Dr Abbas Khan, 32, an orthopaedic surgeon from Streatham, south London, had been held in Syria for more than a year but is now thought to have died.
He was seized by government troops in the rebel-held city of Aleppo after entering the country with a visa on a humanitarian mission.
Mr Robertson said there was no excuse for “Syrian authorities who have, in effect, murdered a British national who was in their country to help people who were injured during their civil war.”
Sara Khan, one of the doctor’s six siblings paid tribute to her brother, told Sky News: “My brother is my hero. He didn’t die in a normal way, he died trying to make a difference.
“Some could say he was naive for going out there and risking his life but he went out there because he knew his skills could help.
“He did something that he believed in and made an example for other people to do things. It’s so brutal out there. Before the war, Aleppo had 1500 general surgeons- now there are only four.
Talking about his arrest, she said: “When he was taken we were grateful in a way because we knew what we were dealing with. We thought ‘OK, now we can get him back’.
“We overestimated how well the regime would treat him. We’d spoken to other prisoners who’d been released and they were OK. My brother’s a fully grown man so we thought he’d be OK.”
Ms Khan recalled the time of his arrest last year.
“He was arrested on November 22 and we didn’t get any information from the Foreign Office until June but we knew by then he’d been taken. They said we are going to look after him. Nothing happened – nobody went to see him.
“My mum went to Damascus and continuously banged on doors to find out whether he was. She took a suitcase with her almost full of his favourite biscuits.
“Months later, she was allowed to see him at the Ministry of Justice in Syria where they brought him shackled in front of her. She didn’t even recognise him, he’d lost almost half his weight and had scars all over his body and he was missing finger nails.
“He was moved In August to a civil prison – low security almost like an open prison. He seemed to be comfortable and began teaching English to others. My mum saw him regularly at this point.
The authorities ended up charging him with “fixing the bones of the opposition” but he denied treating with prejudice. He never would have done that. The trial kept getting put back.
“Since September, were trying to get a delegation of parliamentarians to go and collect him. The Foreign Office didn’t help with this. That was going to be on December 27. Last week, (Bradford West MP) George Galloway called us and said we could go and collect him.
“We thought this Friday was to be the day. The deputy foreign minister of Syria called my mum to say they were going to let him go. We were so happy, we started decorating and preparing for his return.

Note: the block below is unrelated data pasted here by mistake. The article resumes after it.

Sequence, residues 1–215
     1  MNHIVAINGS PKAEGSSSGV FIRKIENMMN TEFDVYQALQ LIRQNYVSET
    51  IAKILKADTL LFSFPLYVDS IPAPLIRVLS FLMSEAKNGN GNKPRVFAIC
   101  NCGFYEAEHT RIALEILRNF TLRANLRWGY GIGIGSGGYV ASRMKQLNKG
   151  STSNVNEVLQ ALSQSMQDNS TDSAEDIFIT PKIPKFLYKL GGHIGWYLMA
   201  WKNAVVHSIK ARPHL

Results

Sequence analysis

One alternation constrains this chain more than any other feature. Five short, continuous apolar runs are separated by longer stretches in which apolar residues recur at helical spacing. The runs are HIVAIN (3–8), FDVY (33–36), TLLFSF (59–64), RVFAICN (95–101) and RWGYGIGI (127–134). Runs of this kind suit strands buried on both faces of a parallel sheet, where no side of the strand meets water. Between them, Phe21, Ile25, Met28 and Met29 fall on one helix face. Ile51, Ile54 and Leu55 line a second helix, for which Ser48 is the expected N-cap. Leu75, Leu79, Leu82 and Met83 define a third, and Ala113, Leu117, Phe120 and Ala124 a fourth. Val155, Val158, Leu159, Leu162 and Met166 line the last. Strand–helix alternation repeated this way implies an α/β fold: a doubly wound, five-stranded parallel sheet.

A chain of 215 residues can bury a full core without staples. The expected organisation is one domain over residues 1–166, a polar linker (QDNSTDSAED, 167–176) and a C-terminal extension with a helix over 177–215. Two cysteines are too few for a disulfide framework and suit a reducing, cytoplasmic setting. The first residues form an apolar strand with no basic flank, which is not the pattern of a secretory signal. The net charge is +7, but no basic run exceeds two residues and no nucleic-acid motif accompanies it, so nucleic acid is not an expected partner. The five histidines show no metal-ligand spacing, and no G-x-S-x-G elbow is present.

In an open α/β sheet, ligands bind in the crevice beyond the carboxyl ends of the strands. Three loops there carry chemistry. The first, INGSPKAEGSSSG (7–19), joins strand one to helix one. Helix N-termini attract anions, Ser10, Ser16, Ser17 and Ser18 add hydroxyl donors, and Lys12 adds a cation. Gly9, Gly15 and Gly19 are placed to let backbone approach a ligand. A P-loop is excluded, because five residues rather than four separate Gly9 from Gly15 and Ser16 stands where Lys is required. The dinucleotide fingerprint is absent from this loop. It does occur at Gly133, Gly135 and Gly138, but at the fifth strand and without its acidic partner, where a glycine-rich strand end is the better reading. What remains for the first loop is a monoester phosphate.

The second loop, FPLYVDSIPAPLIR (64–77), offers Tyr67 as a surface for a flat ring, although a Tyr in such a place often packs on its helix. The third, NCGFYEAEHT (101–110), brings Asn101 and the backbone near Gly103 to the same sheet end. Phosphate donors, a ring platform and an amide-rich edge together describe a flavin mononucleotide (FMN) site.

“Then we heard from the prison that he had been taken away. Officials said it was just a final step in the process. We were sceptical. He went on Friday and on Monday we got a call from a security service official to say he was dead. Syrians are calling it a case of suicide – the statement released a ridiculous story of how he killed himself.”
Dr Khan’s sister said the family was “absolutely shocked and devastated” at the “callous crime”.
“If they’d have killed him straight away I’d almost understand and accept it, but we had hope. He was due to be back with us in four days. I could never have asked for a better brother. He was an amazing person.
“He was caught up in a political row and it’s unfair.”
Earlier, the Foreign Office confirmed it was investigating reports into Dr Khan’s death.
A statement from the Foreign Office said: “We are extremely concerned by reports that Dr Khan has died in detention in Syria and are urgently seeking confirmation from the Syrian authorities.
“If these tragic reports are true, responsibility for Dr Khan’s death lies with them and we will be pressing for answers about what happened.
“We have consistently sought consular access to Dr Khan and information on his detention, directly and through the Russians, Czechs and others.
“All UK consular services in Syria were suspended some time ago and we continue to advise against all travel to Syria.”
A statement issued by George Galloway said the MP “had been negotiating for months with the Syrian government over the release of Dr Khan and was due to fly out this week to bring him home”.
Mr Galloway said: “I think we will have to wait for clarification on how exactly he died but this is heartbreaking and devastating news for his family who have been working so hard for so long to secure his release, particularly because his freedom had been agreed and he was due to return with me in the next few days.
“My sincere condolences go out to his family whose pain is unbearable.”
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